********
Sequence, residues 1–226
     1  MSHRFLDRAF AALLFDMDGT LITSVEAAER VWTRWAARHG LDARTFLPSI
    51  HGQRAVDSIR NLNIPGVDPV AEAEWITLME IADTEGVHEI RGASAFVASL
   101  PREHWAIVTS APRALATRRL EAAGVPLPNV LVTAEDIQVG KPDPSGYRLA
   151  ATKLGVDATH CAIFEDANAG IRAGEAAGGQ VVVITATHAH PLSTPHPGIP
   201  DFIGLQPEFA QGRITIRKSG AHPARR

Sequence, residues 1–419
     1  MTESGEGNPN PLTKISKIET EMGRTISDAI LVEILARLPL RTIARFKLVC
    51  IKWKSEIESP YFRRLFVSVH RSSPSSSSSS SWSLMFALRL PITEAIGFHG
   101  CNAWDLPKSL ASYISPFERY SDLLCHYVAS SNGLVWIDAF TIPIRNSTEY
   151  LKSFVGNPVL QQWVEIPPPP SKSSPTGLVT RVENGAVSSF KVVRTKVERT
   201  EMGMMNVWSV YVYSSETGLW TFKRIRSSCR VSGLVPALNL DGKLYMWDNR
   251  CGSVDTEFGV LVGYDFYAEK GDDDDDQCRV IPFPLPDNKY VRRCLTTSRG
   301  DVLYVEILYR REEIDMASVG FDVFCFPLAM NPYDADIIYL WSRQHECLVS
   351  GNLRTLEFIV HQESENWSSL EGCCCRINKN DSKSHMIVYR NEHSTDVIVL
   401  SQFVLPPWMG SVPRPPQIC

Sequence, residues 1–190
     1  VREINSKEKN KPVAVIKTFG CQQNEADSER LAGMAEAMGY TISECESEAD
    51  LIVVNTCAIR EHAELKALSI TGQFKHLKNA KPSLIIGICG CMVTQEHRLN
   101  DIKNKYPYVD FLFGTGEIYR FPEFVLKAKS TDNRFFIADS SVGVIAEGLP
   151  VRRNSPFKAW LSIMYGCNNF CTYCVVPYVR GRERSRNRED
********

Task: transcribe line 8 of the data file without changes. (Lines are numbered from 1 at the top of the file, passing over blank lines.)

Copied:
     1  MTESGEGNPN PLTKISKIET EMGRTISDAI LVEILARLPL RTIARFKLVC